School of Communication students, faculty and alumni participated in the Online News Association conference October 17-19 in Atlanta. The School of Communication also is the academic partner in the Association’s Online Journalism Awards.
The conference is the one of the largest digital journalism conferences in the world, providing learning sessions, demonstrations and knowledge sharing for hundreds of media professionals. Meet some of the UM School of Communication students, alumni and faculty who participated:
Hadley Jordan worked with a team of students and professional mentors in the ONA student newsroom, covering the conference from the inside. She produced photos and videos, including a mini-documentary on journalism entrepreneurship.
“The student newsroom is different than a school project because I’m turning around projects right away—like working in a real newsroom,” Jordan said. “Being part of the student newsroom is a very valuable experience. I am making a ton of contacts and learning from really awesome people.”
Aubrey Aden-Buie, multimedia journalism graduate student
Aubrey Aden-Buie also is an alumna of the ONA 12 student newsroom. She produced video pieces for the conference website, and returned to ONA 13 to learn more.
“I learned a lot of shortcuts this year, to be honest, a lot of shorter ways to do tasks on deadlines,” Aden-Buie said. “Mostly, though, it is inspirational to see some of the projects people are working on and the innovative ways people are working out in the world.”
Aden-Buie recommended that students apply for the student newsroom or buy a student ticket to the conference. “It’s a huge resource,” she said. “The brain-power that’s there at ONA, you just can’t get it anywhere else.”
Qin Chen worked in the student newsroom in 2012, shooting and producing infographics and motiongraphics. She returned to ONA to network and pick up new skills.
“It’s a learning playground here,” Chen said. “If any students are considering coming to ONA, I would tell them it’s time to put their dreams into practice. It really helps prepare you for where you want to work.”
Deborah Acosta, M.A. Multimedia Journalism ‘10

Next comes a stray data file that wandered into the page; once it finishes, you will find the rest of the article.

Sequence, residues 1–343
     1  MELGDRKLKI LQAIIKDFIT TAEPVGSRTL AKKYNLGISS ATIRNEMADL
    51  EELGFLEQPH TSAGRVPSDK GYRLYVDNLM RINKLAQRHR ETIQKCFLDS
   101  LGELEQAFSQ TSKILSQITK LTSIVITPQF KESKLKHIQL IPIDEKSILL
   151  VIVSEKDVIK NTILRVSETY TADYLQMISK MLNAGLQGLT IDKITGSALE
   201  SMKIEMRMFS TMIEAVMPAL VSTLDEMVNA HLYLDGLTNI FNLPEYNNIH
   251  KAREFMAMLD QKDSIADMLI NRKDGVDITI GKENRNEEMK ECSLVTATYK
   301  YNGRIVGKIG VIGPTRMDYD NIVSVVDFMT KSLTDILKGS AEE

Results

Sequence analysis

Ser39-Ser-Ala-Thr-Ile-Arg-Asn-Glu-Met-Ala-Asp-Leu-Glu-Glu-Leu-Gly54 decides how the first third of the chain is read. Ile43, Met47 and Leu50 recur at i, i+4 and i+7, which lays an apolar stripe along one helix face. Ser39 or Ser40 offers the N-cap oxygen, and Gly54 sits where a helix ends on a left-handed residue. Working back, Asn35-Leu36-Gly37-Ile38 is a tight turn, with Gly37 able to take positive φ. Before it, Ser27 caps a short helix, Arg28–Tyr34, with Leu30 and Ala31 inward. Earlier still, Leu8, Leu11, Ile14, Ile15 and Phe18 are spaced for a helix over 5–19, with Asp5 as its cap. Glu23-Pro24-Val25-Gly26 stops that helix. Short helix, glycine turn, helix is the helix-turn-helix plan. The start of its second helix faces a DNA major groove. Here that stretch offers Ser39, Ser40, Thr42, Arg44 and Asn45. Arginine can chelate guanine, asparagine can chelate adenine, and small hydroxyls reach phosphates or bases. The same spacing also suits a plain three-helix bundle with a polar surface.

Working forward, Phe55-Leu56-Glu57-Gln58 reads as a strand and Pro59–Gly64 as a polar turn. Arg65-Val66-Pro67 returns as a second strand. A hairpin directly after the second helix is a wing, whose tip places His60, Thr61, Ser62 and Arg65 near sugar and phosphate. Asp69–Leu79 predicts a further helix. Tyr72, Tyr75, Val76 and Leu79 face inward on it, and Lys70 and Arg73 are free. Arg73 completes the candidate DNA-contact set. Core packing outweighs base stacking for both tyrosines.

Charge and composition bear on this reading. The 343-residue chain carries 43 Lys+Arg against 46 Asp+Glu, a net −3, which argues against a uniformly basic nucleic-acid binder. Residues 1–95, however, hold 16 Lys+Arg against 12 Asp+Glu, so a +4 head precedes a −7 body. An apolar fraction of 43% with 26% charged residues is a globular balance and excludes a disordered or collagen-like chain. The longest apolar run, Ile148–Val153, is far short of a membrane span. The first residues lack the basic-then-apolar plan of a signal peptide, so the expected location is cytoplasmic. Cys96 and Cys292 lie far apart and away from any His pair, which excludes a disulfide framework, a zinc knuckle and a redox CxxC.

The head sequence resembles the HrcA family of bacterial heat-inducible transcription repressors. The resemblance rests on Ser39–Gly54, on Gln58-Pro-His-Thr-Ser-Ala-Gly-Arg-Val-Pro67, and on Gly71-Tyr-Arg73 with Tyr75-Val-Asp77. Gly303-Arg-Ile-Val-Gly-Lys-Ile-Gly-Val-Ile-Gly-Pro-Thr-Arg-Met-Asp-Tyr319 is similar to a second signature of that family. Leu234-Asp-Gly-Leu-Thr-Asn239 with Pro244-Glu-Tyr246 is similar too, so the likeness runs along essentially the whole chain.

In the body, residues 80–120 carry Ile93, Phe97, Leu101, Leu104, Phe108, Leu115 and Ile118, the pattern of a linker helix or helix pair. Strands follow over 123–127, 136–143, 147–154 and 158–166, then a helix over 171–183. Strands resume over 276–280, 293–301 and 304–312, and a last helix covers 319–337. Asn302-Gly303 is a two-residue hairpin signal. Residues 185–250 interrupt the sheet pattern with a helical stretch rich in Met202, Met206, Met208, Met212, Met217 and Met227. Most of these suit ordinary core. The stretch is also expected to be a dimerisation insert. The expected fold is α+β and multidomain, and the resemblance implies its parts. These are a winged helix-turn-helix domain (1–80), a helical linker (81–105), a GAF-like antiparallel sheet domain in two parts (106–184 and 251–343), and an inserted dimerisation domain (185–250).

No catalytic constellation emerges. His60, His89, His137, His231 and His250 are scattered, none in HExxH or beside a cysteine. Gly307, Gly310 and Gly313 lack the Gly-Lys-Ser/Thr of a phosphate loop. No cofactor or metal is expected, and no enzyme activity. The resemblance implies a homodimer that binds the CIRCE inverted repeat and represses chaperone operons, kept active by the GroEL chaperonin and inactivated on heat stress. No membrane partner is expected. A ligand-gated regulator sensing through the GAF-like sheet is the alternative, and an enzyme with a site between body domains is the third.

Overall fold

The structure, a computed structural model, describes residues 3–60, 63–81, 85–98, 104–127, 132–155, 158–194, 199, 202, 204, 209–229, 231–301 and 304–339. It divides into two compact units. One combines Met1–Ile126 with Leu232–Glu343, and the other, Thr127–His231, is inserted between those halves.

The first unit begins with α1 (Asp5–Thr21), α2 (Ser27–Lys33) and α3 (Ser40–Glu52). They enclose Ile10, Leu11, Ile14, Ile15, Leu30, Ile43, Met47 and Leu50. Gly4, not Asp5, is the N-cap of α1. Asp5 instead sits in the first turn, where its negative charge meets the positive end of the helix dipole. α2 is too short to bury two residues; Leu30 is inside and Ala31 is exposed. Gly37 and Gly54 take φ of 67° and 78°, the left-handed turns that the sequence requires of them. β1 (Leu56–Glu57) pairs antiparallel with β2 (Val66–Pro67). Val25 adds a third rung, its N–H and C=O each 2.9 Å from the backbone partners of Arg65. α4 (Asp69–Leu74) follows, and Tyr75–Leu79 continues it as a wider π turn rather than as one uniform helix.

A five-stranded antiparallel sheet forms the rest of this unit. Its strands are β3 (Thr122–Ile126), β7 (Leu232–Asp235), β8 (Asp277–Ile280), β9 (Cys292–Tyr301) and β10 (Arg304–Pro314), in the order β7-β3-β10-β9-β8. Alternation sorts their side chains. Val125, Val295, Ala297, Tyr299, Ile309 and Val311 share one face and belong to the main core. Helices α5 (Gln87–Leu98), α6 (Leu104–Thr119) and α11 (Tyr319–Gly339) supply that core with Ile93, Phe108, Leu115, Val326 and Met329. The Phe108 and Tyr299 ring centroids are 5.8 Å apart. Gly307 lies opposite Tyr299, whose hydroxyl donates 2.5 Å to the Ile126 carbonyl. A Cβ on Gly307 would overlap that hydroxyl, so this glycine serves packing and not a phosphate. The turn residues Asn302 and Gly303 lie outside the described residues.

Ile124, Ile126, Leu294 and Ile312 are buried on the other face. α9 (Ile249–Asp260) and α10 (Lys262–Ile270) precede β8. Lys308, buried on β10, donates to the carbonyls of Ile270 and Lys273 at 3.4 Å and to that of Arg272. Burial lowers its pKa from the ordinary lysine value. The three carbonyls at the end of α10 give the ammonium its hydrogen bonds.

Staff Editor, Social Video at The New York Times
Deborah Acosta also attended ONA conference first as a student. “I’ve made friends at ONA who I keep in touch with,” she said. “I feel like every time I go, I catch up with them, and I learn a ton in the sessions and just from walking around and joining in conversations.”
Acosta met her former boss at The Miami Herald at her first ONA conference, and she learned valuable skills through the organization including Google Fusion Tables and social media skills that helped her excel at The Herald and eventually land a job at The New York Times.
“If students are feeling frustrated or that there aren’t as many job opportunities, I hope they’ll continue working on their passions, and ONA can help with that,” she said.
Greg Linch, B.A. Journalism and Political Science ‘09
Local Innovations Editor at The Washington Post
Greg Linch attended his first ONA conference in 2008 as a student. He served on the video streaming team from 2009-2012 and is a current board member of ONA. He presented several workshops at the conference, including “Using WordPress to Structure Your Beat,” “Editorial Workflows in WordPress” and “Programmer Workflow.”
“At the first ONA I attended, I learned so much and met so many amazing people, and it indirectly led to my first job,” Linch said. “I thought that I really needed to go to this every year.”
Linch encouraged UM students to get involved with ONA, apply for various student teams at the conference, and to reach out to alumni. “I am always glad to chat and reach out to students, and there is a great alumni network in our industry.”
Miranda Mulligan, B.S. Communication ‘02
Executive Director of Knight Lab at Northwestern University
Miranda Mulligan spoke at ONA on “Bringing Tech into the Classroom.” Mulligan is a journalist, designer, strategist and speaker who currently manages Northwestern University Knight Lab and serves as editor-in-chief at Evening Edition.
In her talk, Mulligan said that external learning opportunities can be beneficial for students to learn technology skills that they need in the classroom. “We should be spending some time making sure that our young journalists understand how does the internet work, and how do browsers read and render our content, and really understand how those pieces come together rather than teaching them to be web developers.”
Mulligan pointed out that motivated journalism students frequently seek opportunities to learn about technology and digital skills in workshops and bootcamp settings, many of which were offered at ONA.
Current students, Linch and Acosta credit Professor Richard Beckman with introducing them to ONA. Beckman represents UM in its role as academic partner for the Online Journalism Awards, and has served on the OJA jury for five years.
“ONA is the leader for digital media in this industry, and those students who are here at the conference have had a huge advantage over the years because of their access to professionals,” he said.
Beckman hopes that UM students might consider starting a student chapter of ONA to leverage the organization’s network and help students gain new skills. “Our alumni are so involved,” he said. “It wouldn’t be hard to get them to come down, if we could just initiate the structure to make it happen.”